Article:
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Bragg v. Astrue

February 22, 2010

JOSEPH ADOLPHUS BRAGG, JR., PLAINTIFF,
v.
MICHAEL J. ASTRUE, COMMISSIONER OF SOCIAL SECURITY, DEFENDANT.



The opinion of the court was delivered by: Magistrate Judge Morton Denlow

MEMORANDUM OPINION AND ORDER

Claimant Joseph Adolphus Bragg, Jr. ("Claimant") brings this action under 42 U.S.C. § 405(g), seeking reversal or remand of the decision by Defendant Michael J. Astrue, Commissioner of Social Security ("Defendant" or "Commissioner"), denying Claimant's application for Disability Insurance Benefits ("DIB") and Supplemental Security Income ("SSI"). Claimant raises the following issues: 1) whether the ALJ properly favored the testimony of the medical examiner ("ME") over the evidence produced by Claimant's treating physician in his determination of Claimant's residual functional capacity ("RFC") (and in posing hypothetical questions to the Vocational Expert); 2) whether the ALJ failed to consider all of Claimant's impairments in combination; and 3) whether the ALJ's credibility finding regarding Claimant's testimony was patently wrong. For the following reasons, the Court denies Claimant's motion for summary judgment and grants the Commissioner's cross-motion for summary judgment.

I. BACKGROUND FACTS

A. Procedural History

Claimant initially applied for DIB and SSI on January 23, 2006, alleging a disability onset date of March 1, 2005. R. 58-59, 65. The Social Security Administration ("SSA") denied his applications on April 18, 2006. R. 58-59. Claimant then filed a request for reconsideration, which was denied on November 2, 2006. R. 88, 60-61. Thereafter, Claimant requested a hearing before an ALJ. R. 95.

On March 18, 2008, Administrative Law Judge Joseph P. Donovan, Sr. ("ALJ") presided over a hearing at which Claimant appeared with his attorney, Ellen Hanson. R. 8-52. In addition to Claimant, Dr. William H. Newman, a medical expert, and Leanne Carey, a vocational expert, also testified. Id. On September 23, 2008, the ALJ issued a decision finding Claimant was not disabled under the Social Security Act. R. 62-76. Specifically, the ALJ found Claimant had "the residual functional capacity to perform a limited range of light work" and was "capable of making a successful adjustment to other work that exists in significant numbers in the national economy." R. 74, 76.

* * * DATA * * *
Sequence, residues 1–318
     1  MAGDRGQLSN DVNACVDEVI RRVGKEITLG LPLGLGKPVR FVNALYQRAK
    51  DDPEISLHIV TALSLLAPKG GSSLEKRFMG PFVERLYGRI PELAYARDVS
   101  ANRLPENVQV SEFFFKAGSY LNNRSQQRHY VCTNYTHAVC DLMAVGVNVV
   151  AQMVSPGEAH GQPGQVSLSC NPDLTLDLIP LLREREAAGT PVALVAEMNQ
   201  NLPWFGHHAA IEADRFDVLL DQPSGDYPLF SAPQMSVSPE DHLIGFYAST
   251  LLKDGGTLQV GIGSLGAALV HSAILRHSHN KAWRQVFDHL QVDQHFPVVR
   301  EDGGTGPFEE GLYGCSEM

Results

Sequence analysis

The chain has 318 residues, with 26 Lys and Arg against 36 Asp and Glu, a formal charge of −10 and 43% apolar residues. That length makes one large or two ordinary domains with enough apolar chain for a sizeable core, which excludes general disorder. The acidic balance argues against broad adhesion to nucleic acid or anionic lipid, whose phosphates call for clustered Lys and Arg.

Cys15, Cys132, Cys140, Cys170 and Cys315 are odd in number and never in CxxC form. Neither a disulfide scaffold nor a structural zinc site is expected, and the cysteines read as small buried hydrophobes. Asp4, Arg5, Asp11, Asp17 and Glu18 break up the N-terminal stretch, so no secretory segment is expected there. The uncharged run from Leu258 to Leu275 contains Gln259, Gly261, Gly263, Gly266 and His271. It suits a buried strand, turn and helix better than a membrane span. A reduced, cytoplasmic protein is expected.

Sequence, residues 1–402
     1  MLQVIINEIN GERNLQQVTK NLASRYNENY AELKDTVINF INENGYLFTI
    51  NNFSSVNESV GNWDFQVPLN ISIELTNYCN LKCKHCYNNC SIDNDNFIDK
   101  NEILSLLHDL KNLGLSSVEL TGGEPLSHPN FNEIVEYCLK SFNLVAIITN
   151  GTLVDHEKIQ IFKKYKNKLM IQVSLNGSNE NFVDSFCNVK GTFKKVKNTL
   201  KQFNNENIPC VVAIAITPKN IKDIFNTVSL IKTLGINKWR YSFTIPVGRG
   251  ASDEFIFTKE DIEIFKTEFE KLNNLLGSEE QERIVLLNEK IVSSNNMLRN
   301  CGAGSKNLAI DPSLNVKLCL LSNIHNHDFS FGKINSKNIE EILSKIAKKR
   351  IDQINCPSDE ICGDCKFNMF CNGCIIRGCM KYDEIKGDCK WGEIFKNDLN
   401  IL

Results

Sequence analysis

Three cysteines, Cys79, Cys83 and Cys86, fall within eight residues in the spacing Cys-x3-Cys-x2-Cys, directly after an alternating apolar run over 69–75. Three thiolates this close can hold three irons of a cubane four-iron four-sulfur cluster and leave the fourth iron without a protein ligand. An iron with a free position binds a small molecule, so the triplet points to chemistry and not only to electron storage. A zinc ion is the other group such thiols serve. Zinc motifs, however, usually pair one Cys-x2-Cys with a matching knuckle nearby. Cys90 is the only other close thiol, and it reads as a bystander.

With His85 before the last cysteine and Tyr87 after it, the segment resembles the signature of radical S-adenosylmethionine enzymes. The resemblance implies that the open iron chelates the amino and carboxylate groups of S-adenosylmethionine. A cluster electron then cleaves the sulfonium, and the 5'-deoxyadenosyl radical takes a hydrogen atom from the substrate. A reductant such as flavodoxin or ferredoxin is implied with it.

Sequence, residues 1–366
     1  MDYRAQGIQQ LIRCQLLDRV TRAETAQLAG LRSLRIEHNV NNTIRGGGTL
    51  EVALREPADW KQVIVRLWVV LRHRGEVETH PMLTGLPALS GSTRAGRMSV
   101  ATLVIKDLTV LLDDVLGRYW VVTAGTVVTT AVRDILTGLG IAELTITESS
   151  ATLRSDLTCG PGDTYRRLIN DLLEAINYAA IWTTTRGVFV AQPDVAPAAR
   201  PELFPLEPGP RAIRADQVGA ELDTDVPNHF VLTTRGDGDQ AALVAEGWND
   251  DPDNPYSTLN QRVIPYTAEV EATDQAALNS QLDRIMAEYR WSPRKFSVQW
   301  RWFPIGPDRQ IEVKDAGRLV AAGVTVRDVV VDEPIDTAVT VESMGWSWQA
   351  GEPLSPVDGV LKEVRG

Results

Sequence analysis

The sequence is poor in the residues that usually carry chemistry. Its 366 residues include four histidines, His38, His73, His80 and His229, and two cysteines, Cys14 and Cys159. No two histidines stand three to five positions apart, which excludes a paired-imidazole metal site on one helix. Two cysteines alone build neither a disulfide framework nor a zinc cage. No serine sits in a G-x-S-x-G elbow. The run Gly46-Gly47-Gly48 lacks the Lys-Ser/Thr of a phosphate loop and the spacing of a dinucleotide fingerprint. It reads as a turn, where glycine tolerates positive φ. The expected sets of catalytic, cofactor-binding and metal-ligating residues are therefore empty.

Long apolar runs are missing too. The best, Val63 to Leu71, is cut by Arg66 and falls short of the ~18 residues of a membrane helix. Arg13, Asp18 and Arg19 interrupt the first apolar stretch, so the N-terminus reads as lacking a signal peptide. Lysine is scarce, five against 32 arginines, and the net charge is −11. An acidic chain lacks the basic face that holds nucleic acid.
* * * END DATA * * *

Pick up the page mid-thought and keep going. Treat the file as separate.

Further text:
Claimant then filed for review of the ALJ's decision to the Appeals Council, which denied Claimant's request on April 9, 2009. R. 4-6. On June 8, 2009, the Appeals Council set aside this earlier action to consider additional information. R. 1-3. Upon considering the additional information, the Appeals Council again denied Claimant's request for review. Id. Therefore, the ALJ's decision became the final decision of the Commissioner. Claimant subsequently filed this action for review pursuant to 42 U.S.C. § 405(g).

B. Hearing Testimony -- March 18, 2008

1. Joseph Adolphus Bragg, Jr. -- Claimant

At the time of the hearing, Claimant was 38 years old. R. 12. Claimant's highest educational level is a GED. Id. Claimant's most recent employment as a union laborer ended in February 2005, when he stopped working due to "problems with [his] arms and legs and pain . . . from the neck down [his] arms and legs." R. 13. He is financially supported by his family. Id.